The Most Beautiful Place I've Ever Seen, Accidentally
Air Tahiti was on strike. "STUCK IN TAHITI," I messaged a friend. As if that was actually possible- a paradise once lionized by Gauguin, with serious waves and food trucks serving steak-frites and poisson cru. If I were to be stuck anywhere, it would be Tahiti. But nobody knew how long this strike was going to last, so we needed to be on a plane out of there, TOUT DE SUITE.
The airport was mayhem. Honeymooners from LA were getting wasted at the bar with hibiscus flowers around their necks, not knowing what else to do. Stranded! Europeans looking at their watches, packed with nowhere to go. The French, always striking! You should have seen Michael at the ticket counter, a flurry of hand-waving, "Vraiment?"s and sweat.
"They can send us to Tikehau," he said.
Ok. Tikehau. Michael somehow always got us out of a near-apocalypse pickle.
Neither of us knew much about the tiny coral atoll, but at least we would reach the next chapter of the trip. And it would be beautiful. Everything was beautiful in the South Pacific. Plus, they were giving us a guesthouse.
I'm aware I'm talking about apples and oranges here. How can you compare beauty? Are Moorea's craggy black mountains less heart-stopping than the deliriously cerulean waters of Bora Bora? And who's to say an island is more beautiful than the stark wilderness of the Arctic or the eternal crevasse of the Grand Canyon? The long stretches of Iowa's corn fields? The green hills of Rwanda? Who's to say the billions of lights of New York City aren't equally as glorious, glorious as a midnight sky?
Every paradise is a home to someone.
From above, Tikehau looks like the other atolls throughout the Pacific- the rim of a submerged volcano, circling a vast lagoon. But this particular lagoon stretched 17 miles across with only one break in the reef large enough for boats to pass through. Jacques Cousteau recorded this island as having the greatest variety of fish species in all of the South Pacific. It was one giant aquarium.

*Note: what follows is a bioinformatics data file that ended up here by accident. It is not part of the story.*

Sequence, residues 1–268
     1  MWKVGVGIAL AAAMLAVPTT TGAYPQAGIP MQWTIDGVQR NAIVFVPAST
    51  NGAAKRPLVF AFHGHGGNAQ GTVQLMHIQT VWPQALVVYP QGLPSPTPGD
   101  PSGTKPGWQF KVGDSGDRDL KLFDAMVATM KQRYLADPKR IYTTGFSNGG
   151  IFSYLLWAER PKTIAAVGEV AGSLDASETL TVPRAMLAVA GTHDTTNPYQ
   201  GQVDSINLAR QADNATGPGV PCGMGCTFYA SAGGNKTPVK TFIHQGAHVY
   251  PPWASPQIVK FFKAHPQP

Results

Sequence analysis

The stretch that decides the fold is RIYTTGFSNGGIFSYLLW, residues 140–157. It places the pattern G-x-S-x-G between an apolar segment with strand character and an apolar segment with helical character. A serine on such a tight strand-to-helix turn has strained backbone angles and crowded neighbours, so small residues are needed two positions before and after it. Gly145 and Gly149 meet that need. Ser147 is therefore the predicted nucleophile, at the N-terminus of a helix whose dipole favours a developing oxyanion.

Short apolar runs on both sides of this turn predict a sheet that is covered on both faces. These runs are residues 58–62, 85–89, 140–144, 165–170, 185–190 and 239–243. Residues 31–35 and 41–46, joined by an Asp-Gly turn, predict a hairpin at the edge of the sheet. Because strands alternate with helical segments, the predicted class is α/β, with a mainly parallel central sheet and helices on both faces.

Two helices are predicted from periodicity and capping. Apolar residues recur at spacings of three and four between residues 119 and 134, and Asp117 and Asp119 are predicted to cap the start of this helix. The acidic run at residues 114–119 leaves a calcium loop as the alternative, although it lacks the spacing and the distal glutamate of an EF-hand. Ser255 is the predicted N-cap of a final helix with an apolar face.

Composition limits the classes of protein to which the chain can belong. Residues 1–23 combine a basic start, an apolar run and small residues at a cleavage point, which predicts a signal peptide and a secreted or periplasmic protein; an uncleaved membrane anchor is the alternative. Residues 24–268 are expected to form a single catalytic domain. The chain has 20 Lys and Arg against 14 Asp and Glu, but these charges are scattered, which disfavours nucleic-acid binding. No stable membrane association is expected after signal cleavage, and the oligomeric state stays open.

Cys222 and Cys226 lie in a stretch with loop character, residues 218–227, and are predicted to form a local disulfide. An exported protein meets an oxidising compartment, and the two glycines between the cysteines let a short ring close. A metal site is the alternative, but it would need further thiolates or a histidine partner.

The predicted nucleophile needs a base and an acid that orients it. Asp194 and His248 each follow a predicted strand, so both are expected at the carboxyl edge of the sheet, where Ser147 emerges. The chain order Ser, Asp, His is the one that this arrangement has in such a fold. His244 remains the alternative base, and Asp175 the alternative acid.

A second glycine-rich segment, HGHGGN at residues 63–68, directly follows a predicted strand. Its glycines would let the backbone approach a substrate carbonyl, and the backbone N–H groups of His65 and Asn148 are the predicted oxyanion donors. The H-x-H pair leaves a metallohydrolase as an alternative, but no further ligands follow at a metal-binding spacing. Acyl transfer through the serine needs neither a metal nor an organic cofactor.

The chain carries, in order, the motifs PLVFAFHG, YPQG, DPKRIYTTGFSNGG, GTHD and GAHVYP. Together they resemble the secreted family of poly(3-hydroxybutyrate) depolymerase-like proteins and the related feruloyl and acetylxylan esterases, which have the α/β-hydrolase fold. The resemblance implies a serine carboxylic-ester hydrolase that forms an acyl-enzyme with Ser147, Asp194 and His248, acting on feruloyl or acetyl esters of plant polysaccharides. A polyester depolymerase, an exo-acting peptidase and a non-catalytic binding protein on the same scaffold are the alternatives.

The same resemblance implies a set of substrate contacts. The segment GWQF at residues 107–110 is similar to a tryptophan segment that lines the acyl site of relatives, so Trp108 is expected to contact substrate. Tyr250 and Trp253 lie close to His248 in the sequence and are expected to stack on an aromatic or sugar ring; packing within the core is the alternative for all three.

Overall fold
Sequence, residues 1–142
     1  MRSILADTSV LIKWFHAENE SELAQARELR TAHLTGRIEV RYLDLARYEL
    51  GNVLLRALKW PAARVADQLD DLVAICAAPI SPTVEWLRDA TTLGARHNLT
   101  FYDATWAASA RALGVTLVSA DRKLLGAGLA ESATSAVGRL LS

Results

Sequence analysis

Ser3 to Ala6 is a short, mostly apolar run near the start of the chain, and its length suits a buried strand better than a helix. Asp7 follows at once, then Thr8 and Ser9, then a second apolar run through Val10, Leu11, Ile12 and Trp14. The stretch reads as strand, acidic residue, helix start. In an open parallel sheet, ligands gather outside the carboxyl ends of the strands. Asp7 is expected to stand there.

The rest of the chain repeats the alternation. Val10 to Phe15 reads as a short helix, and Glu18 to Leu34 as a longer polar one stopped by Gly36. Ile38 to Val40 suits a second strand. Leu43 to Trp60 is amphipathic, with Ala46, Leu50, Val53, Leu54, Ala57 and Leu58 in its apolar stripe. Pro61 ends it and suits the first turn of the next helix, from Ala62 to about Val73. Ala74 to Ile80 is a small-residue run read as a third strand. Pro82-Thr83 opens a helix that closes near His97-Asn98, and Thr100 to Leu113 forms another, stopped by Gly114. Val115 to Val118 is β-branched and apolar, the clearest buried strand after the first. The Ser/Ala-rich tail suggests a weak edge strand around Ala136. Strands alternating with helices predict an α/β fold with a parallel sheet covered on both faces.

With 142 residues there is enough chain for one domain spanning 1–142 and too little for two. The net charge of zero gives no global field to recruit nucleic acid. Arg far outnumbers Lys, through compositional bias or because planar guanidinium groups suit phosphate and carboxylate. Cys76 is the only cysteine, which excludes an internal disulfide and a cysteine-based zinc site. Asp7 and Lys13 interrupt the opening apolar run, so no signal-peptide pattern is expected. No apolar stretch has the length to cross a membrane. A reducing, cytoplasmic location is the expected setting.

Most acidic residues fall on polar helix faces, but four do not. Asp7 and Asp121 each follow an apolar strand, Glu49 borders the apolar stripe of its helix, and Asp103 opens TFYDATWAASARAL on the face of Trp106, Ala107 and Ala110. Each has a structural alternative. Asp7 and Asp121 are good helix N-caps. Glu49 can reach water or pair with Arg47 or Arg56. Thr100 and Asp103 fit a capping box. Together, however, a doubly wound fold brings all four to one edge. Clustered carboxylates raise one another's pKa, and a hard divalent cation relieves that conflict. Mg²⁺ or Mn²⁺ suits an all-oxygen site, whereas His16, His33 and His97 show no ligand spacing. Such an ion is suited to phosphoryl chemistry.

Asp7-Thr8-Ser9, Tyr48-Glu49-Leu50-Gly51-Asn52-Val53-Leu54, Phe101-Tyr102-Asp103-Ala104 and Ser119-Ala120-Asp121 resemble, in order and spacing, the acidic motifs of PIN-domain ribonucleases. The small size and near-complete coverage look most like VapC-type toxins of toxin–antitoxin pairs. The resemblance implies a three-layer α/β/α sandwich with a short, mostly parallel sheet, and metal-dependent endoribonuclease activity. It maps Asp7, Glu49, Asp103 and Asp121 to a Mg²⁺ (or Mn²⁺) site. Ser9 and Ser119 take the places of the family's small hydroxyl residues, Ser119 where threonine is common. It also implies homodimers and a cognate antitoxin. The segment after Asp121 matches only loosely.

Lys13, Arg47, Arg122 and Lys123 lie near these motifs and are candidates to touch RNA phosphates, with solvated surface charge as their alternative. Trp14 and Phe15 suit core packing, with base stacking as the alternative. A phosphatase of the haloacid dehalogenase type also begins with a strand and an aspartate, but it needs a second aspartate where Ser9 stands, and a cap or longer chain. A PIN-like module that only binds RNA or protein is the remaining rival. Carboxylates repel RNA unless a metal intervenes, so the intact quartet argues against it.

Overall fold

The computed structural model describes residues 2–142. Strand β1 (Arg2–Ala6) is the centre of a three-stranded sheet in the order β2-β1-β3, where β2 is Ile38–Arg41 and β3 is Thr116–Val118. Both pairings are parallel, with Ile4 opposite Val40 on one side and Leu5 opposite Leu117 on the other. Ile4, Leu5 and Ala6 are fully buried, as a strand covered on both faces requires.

Our pension was directly on the beach. Water and electricity were luxuries, available only at night. Blacktip reef sharks swam up to the sand like curious dogs looking for a handout. Later than night the three of us would cram onto one small palate of mattress, tangled in mosquito netting and sand. We wouldn't sleep, but we didn't care.
We spent the day cruising the open, waveless water with a family of five in a fishing boat. Tina had a daughter a few months older than Sia, who was enthralled, her little French sun cap flapping in the wind like Lawrence of Arabia. We talked about life on the island, population 529, and the future of fishing. Did they feel the affects of climate change? What of the coral? Tourism? They were people of the sea, this was their backyard. Whatever we did on the mainland affected them100-fold. They showed us pink sand, frigate birds mating on an overgrown motu and more reef sharks. I felt blessed.
Maybe it was the currents that day, maybe the stillness of the wind, but the water was a mirror, clouds opening up like a snowflake cut out of construction paper. And that's how it happened, in an event so close to taking a turn for the worse, it became one of the biggest gifts this trip had given us. This, right here, was the most beautiful place I'd ever seen, accidentally.
Later that night we ate a modest meal with a group of French NGO workers, who played peek-a-boo with Sia and slapped mosquitos off their necks. I noticed the stars were out. It was almost as pretty as New York City skyline, but not quite.